Wednesday, May 02, 2012

Copying vs Building Upon

When I ordered those Oliver Twist threads to replenish my supplies, I tried a different collection than I've bought before - it had two of the colors I needed and the rest were ones that intrigued, especially the one in the above picture. I had no intention of using it on "Masks", but as I moved to a new section to quilt, I was casting about for something a little different, something that might pick up on the subtle pink occasionally running through the painted fabric. So here I am, adding something totally different and unexpected and hoping it works out.

"Masks" is somewhat unique in a world of creativity where true uniqueness is rare. I would not expect another artist to be able to copy it, although I suppose it is possible. Certainly the technique I used to create the design is well-known and yields similar results no matter who uses it. But it might be difficult to match the colors unless a painter or photographer gave it a go. I'd hope that my perspective and vision would be different enough to make my interpretation somewhat unique. Still, fold a piece of fabric and dip it in dye or paint, and it doesn't take much imagination to find faces in the unfolded results. I would not think I had any right to discourage another artist who saw this piece from trying to get similar results. I'd just hope he or she would interpret it in his or her own distinctive way.

The issues of copying, stealing, finding your own voice, developing style crop up over and over again, usually prompted by a flagrant example of someone copying someone else's work and passing it off as their own for profit or recognition. And then the conversation begins again about where does one draw the line. This happened back in February to a blogger I follow, Paperiaarre who specializes in bookbinding. I was most impressed by her thoughtful response that addresses both commercial and personal use of others' ideas as well as subconscious (or unintentional) copying (you can read her post in full here). I think this passage gets to the core of the issue, emphasis my own:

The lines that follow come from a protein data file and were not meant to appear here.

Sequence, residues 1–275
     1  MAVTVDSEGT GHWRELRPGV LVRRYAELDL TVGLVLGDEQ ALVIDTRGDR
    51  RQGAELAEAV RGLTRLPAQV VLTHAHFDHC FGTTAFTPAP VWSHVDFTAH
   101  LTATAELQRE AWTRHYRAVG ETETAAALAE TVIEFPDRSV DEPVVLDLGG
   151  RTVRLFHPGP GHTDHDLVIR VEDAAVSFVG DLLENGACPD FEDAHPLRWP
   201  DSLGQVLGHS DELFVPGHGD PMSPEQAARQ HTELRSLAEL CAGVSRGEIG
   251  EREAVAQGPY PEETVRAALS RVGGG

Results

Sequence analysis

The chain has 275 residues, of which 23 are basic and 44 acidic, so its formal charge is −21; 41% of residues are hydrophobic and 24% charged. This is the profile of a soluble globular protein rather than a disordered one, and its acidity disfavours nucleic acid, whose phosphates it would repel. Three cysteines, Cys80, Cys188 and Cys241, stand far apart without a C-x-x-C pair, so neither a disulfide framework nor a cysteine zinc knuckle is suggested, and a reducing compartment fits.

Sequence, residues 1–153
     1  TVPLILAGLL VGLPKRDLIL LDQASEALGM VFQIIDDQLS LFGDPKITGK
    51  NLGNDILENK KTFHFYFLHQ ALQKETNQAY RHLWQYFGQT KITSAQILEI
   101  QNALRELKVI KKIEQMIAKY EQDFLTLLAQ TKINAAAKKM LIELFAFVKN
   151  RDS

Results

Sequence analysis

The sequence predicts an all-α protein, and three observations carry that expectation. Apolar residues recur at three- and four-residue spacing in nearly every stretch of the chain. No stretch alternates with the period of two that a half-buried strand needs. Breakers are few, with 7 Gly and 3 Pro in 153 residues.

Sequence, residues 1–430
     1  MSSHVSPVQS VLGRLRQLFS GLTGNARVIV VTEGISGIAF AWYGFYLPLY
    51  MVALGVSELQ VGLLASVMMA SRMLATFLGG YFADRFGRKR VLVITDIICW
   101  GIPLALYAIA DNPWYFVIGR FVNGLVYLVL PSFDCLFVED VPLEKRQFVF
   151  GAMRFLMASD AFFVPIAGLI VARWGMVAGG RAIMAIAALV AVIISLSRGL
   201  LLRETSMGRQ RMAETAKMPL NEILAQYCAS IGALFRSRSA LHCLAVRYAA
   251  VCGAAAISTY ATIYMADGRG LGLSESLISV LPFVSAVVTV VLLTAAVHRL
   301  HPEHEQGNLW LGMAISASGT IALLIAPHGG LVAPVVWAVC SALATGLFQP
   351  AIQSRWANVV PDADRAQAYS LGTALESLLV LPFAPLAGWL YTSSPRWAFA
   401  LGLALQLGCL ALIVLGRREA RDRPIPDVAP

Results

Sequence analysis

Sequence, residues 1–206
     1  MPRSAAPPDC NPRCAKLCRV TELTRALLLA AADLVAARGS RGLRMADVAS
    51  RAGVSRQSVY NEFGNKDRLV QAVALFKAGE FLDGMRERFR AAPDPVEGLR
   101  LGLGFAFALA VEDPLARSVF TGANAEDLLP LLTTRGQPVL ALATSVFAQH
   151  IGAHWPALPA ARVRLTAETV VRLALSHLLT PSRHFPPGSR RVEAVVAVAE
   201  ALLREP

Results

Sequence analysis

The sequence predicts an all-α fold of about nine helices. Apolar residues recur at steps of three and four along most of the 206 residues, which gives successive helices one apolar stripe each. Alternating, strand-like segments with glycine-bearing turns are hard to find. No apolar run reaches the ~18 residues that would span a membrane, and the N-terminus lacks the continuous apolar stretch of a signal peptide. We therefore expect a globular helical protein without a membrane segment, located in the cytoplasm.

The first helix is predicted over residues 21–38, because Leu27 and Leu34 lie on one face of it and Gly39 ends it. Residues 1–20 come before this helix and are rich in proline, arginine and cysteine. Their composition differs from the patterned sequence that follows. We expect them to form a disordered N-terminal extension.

"I am interested to learn new techniques...My point, however, isn't copying techniques from others, it's copying Ideas from others, something much more sacred to me. I cannot understand how it is okay to take someone's technique, aesthetics, choice of materials and their entire process, and present it as your own in a commercial environment. I do believe in being inspired by others, honestly saying how I got this great idea from reading X's blog so I decided to build on it. I'm a firm believer in giving credit when credit is due."

I've also been collecting quotations from Austin Kleon's tumblr, many of which he later published in a book titled "Steal like an Artist." So, "steel" yourself; I'll be sharing many of those quotations over the next few posts. I hope you'll read Paperiaarre's story, then consider what other artists have said about stealing, copying, finding your own voice and developing style.  

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